Warko Observatory celebrates 40 years

Hope Austin

The UMKC Physics and Astronomy department presented distinguished author and Emmy-winning astronomer Dr. David Levy Monday, Oct. 27as it commemorated Warkoczewski Public Observatory’s 40th anniversary. Levy presented his lecture “A Night Watchman’s Journey: My Adventures as a Comet Discoverer and Skywatcher” in the Miller Nichols Learning Center.

Before the lecture, students, faculty and members of the public were invited to observe a meteorite display as well as an astrophotography display.

Dr. Daniel McIntosh presented a brief history of the observatory.

Warko, which is pronounced VAR-ko, has two telescopes that sit atop Royall Hall. The older telescope was handcrafted by Stanley Warkoczewski as a gift for his wife, Helen, who shared his passion for astronomy. In 1964, the Warkoczewskis donated the telescope to UMKC. However, it was ten years before it found a suitable location on campus.

“The Warko Observatory,” said Arts and Sciences Associate Dean Kati Toivanen, “is one of the many treasures on campus that truly makes UMKC Kansas City’s University.”

Dr. Mark Brodwin presented the newest addition to the Warko Observatory, a 14-inch telescope with a computer-controlled guidance system. The guidance system allows students to simply type in the coordinates of what they want to see.

Brodwin then presented Joe Wright, Warko operations manager, with a plaque commemorating his contributions to the observatory, most notably his public outreach efforts.

Levy introduced himself and stressed that he was not interested in strictly talking about science.

“I do not come to you tonight as a scientist,” said Levy. “Not even as a poet, but as someone who tries to find relationships between different fields of endeavor: between the night sky and English poetry, between rocks and minerals and music, for example—and in tonight’s case, between comets and poetry.”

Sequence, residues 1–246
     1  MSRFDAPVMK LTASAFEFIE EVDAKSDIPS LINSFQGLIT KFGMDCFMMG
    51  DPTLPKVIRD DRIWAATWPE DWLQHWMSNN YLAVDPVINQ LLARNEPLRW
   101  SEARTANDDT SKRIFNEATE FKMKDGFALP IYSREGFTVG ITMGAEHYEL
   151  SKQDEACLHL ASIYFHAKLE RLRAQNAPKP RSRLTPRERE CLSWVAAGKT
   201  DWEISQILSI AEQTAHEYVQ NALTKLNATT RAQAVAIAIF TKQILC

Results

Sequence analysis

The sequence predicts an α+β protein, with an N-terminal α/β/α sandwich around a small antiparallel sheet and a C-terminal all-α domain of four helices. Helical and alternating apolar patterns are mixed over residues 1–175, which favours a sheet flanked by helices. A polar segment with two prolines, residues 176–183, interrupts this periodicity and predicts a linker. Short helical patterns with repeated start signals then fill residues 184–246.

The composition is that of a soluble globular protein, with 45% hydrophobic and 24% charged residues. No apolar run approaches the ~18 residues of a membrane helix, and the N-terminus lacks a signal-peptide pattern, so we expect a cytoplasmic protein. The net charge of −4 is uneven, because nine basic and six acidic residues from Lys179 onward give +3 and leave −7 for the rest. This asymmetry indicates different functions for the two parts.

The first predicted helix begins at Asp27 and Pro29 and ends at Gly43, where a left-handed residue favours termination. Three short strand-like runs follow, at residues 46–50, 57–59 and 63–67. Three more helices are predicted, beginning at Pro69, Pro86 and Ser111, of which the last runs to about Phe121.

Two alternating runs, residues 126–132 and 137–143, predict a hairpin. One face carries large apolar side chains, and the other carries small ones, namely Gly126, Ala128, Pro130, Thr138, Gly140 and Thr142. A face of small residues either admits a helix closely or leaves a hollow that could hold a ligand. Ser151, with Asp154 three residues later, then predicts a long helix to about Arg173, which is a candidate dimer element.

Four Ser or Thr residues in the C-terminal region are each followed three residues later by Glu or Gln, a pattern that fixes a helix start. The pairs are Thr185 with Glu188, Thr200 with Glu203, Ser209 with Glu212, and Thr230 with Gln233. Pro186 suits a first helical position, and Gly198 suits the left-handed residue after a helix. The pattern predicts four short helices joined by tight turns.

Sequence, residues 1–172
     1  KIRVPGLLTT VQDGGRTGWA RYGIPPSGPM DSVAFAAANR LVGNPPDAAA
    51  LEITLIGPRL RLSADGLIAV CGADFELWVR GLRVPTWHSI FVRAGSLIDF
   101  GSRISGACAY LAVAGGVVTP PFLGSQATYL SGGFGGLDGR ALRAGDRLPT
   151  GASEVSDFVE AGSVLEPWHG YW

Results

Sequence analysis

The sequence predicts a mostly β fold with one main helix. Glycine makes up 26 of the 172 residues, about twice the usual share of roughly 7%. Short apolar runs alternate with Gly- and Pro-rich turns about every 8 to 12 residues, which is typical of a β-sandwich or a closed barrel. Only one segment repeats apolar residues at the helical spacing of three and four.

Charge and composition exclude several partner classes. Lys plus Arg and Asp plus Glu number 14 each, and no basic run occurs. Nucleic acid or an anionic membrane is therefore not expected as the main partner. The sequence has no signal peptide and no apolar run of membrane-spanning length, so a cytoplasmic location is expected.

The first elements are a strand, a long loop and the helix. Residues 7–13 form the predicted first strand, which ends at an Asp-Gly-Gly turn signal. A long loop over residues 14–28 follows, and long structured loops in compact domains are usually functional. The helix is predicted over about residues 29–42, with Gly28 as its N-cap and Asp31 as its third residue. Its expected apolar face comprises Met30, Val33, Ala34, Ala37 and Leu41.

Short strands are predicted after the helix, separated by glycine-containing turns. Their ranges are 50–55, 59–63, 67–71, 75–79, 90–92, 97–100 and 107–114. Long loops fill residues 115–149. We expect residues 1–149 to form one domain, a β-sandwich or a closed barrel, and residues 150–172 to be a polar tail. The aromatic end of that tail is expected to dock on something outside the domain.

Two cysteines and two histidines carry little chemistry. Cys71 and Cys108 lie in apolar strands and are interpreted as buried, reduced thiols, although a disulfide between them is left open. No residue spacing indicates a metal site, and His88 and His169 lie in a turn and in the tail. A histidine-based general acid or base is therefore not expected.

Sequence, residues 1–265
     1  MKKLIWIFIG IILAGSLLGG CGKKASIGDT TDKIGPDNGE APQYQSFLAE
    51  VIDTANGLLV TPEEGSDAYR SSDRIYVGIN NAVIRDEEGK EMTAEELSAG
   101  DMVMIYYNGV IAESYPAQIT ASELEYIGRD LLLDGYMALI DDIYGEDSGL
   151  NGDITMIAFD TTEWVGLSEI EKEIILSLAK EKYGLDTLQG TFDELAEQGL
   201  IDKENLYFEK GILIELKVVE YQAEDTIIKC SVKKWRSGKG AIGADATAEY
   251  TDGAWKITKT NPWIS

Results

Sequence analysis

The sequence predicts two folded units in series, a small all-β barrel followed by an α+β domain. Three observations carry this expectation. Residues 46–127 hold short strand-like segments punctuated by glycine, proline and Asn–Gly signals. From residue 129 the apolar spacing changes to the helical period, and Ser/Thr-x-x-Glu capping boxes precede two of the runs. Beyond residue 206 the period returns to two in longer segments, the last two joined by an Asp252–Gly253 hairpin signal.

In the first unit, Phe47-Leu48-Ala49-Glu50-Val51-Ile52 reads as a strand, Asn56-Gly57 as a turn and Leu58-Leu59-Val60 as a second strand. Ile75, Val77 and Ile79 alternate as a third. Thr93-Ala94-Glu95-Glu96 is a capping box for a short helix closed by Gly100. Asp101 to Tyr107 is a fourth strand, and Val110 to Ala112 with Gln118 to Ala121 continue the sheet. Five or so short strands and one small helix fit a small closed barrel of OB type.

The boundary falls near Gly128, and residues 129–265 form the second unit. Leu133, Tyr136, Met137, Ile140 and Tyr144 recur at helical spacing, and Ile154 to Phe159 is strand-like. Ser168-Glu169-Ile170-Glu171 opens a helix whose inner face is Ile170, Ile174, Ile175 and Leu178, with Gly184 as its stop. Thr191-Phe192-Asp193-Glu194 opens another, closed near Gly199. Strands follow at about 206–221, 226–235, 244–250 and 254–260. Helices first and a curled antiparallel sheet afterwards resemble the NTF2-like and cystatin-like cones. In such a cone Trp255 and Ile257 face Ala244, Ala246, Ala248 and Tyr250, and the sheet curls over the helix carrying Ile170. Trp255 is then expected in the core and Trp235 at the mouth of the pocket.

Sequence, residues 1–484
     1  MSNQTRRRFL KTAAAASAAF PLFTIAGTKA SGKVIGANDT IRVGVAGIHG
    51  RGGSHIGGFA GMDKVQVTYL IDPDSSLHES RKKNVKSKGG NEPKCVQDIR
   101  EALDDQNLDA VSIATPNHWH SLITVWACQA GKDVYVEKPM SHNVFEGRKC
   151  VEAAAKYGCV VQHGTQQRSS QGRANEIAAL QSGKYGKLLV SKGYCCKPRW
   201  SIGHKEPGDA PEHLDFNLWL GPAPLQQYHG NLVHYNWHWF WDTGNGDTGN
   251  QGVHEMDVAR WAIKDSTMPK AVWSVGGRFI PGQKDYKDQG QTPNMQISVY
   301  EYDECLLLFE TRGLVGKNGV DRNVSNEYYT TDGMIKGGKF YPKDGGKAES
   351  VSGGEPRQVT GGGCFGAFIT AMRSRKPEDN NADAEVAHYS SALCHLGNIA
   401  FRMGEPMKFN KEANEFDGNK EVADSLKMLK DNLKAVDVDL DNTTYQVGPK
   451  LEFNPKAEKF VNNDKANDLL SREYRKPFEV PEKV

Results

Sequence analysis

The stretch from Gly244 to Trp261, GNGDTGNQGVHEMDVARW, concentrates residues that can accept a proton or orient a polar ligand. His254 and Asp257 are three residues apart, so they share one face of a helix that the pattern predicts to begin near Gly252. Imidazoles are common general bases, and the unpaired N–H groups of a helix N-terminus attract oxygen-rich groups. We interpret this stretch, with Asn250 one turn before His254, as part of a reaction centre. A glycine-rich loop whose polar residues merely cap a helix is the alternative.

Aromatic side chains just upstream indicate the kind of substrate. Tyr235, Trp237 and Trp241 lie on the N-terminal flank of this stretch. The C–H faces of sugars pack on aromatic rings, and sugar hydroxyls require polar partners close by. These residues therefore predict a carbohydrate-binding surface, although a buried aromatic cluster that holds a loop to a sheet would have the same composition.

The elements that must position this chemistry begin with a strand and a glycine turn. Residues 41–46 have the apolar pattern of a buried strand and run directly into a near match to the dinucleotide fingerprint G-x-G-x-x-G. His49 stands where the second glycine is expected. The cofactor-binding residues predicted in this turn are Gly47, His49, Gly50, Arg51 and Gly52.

During his lecture, Levy announced that he plans to give the entirety of his recorded observing to the Linda Hall Library.

“One day I’m not going to be here anymore … but when that happens, I would love the Linda Hall Library here in Kansas City to have my observing logs, all 15 books—so far,” Levy said.

Levy’s sessions date back to 1959. He currently has more than 17,000 sessions and counting.

“I want you to leave with the idea that it’s fun to go out and look up at the night sky. Just look up, and see what there is. It’s an incredible thing to do,” Levy said.

At the end of his lecture, Levy stressed the importance of just taking some time to look up at the night sky.

“Take a look at the moon,” Levy said. “You don’t have to know anything about it. You don’t have to be an astronomer; you don’t have to be anything. But I do ask of you to just take a look at the moon, see what’s there, and dream a little bit, as a nation did when we sent people to the moon and we could do it again.”

Due to a cloudy night sky, the observation following the lecture was canceled. However, that did not stop participants from enjoying celebratory cake in the observatory.

The Warko Observatory is open to the public on clear Friday nights during six months of the year. Check the observatory’s Twitter feed @WarkoSky for status updates.